• MN-01 (Lean R to Tossup): Republican Jim Hagedorn defeated Democrat Dan Feehan 50.1-49.7 in a 2018 open seat contest for Minnesota’s 1st Congressional District, and their rematch this cycle looks like it will be just as competitive. Over the last few months Feehan and his allies have publicized a trio of polls showing a tight race, while Hagedorn waited until midsummer to release an antediluvian survey from early March conducted before the pandemic upended American life. Both parties are also continuing to spend millions in this southern Minnesota district.
This seat swung from 50-48 Obama to 53-39 Trump, but there’s also reason to think that it’s moving back to the left. Most polls find Joe Biden doing considerably better than Hillary Clinton statewide as well as in predominantly white rural areas like this. That’s potentially very bad news for Hagedorn, who could be in for trouble if Biden takes the 1st District this time.
• NJ-02 (Lean R to Tossup): If freshman Rep. Jeff Van Drew thought that his decision to leave the Democratic Party last year would ensure him an easy reelection in New Jersey’s 2nd District, he was very wrong.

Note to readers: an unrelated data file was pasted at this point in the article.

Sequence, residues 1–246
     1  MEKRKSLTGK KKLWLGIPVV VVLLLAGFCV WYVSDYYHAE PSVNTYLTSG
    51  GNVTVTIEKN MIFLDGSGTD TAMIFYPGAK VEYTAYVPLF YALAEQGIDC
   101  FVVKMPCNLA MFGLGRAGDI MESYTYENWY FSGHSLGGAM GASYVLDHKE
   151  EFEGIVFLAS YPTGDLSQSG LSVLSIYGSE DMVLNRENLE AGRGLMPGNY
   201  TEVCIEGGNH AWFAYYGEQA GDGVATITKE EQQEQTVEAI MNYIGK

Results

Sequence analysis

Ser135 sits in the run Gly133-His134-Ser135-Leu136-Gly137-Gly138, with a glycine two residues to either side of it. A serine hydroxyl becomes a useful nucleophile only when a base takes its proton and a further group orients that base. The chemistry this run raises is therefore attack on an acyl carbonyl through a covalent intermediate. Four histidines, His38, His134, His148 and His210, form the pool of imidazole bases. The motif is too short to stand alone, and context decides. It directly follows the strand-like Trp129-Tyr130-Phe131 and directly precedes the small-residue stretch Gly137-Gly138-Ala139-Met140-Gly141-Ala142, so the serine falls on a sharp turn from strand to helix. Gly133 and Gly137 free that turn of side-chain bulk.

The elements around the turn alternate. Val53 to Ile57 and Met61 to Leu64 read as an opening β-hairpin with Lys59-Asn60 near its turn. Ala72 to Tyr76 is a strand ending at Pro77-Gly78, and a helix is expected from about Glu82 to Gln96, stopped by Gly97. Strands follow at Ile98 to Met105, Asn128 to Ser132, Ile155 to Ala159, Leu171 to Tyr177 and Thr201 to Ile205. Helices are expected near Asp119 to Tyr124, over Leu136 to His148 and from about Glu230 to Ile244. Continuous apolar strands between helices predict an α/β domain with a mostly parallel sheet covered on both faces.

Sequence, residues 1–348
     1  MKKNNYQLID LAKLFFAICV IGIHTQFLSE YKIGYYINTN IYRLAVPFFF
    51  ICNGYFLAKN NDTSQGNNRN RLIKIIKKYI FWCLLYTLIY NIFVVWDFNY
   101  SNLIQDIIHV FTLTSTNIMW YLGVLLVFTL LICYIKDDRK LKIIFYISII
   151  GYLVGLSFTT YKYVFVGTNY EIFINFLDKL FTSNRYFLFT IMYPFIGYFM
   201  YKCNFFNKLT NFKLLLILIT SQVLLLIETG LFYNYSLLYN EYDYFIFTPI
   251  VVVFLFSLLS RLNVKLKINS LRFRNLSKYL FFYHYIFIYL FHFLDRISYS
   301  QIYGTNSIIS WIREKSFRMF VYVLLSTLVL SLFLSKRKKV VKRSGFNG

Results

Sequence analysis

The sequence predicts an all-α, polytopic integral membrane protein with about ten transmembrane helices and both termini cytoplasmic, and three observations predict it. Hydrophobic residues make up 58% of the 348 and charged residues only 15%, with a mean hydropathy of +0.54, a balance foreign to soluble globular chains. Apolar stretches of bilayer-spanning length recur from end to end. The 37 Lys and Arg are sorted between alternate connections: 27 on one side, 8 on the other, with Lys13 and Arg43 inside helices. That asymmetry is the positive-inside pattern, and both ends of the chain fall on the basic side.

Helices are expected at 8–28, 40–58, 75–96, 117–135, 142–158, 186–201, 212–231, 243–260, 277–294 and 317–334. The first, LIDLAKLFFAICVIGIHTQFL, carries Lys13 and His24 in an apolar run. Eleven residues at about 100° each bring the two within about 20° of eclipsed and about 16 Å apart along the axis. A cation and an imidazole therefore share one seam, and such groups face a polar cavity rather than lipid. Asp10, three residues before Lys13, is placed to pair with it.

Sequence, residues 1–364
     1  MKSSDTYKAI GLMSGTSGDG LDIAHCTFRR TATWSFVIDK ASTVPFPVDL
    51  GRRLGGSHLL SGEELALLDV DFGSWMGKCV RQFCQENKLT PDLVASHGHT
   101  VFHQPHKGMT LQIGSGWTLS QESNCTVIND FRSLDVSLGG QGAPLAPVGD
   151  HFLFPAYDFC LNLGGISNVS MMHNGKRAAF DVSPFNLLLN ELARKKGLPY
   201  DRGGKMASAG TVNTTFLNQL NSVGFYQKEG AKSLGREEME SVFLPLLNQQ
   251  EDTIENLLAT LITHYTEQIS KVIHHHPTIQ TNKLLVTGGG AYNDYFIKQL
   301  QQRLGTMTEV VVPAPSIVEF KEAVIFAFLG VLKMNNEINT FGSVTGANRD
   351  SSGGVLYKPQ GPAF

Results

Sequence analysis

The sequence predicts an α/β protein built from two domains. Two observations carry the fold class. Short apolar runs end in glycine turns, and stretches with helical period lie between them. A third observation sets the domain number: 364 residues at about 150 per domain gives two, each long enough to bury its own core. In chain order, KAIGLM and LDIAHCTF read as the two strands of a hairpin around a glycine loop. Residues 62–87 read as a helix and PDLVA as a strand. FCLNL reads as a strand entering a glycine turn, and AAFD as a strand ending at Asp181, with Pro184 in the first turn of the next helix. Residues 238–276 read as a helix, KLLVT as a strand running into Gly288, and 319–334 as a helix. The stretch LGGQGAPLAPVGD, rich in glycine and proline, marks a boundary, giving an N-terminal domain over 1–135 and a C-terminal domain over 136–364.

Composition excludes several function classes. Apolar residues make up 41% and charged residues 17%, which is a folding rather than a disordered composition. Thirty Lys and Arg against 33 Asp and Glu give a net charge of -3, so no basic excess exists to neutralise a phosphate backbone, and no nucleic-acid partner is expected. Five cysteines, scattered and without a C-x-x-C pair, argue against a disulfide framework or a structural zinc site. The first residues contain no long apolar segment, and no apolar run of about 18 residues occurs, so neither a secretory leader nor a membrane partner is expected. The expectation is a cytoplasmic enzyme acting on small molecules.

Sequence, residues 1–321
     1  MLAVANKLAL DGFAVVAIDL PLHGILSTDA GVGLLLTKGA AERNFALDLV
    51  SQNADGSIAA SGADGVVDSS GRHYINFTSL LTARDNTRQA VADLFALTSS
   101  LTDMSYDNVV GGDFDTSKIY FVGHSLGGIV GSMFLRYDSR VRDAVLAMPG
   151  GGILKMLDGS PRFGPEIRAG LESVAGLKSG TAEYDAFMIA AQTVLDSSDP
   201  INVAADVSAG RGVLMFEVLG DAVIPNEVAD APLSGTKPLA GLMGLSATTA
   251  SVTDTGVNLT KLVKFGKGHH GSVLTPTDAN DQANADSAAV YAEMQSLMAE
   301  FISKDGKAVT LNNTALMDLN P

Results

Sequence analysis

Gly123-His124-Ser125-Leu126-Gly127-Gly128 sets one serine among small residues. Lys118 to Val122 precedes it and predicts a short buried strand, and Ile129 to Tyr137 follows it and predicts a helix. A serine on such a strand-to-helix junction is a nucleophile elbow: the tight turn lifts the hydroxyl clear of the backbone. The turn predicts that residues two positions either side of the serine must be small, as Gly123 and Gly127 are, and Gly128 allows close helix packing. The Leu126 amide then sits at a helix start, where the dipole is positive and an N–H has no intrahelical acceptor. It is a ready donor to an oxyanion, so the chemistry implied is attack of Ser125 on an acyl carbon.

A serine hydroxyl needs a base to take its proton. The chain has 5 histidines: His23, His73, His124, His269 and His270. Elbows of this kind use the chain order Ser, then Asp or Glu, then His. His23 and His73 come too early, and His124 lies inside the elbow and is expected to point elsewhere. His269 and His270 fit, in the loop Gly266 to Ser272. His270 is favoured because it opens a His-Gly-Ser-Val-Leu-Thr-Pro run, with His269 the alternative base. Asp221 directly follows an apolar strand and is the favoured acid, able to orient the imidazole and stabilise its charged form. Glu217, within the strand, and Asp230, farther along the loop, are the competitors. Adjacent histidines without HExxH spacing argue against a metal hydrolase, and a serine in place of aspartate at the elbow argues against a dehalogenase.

Democrat Amy Kennedy and her allies have published several polls showing her ahead, while Joe Biden also holds the edge in a South Jersey seat that favored Donald Trump 51-46. Monmouth University also released an independent survey in early October that gave Kennedy and Biden a 49-44 and 48-45 edge, respectively. If Republicans have better polling, they have not shared it.
• OH-01 (Lean R to Tossup): Republicans gerrymandered Ohio’s 1st Congressional District at the start of the decade to keep Rep. Steve Chabot in office as long as he wanted, but Team Blue’s growing strength in the suburbs is threatening his hold on this Cincinnati-area seat.
Democrat Kate Schroder and her allies have released polls showing her in a close race with Chabot as Joe Biden enjoys a small lead in a district that backed Donald Trump 51-45; Republicans, by contrast, have yet to drop any numbers here. Major outside groups from both sides have also begun airing commercials here in recent weeks in another sign that things are tight.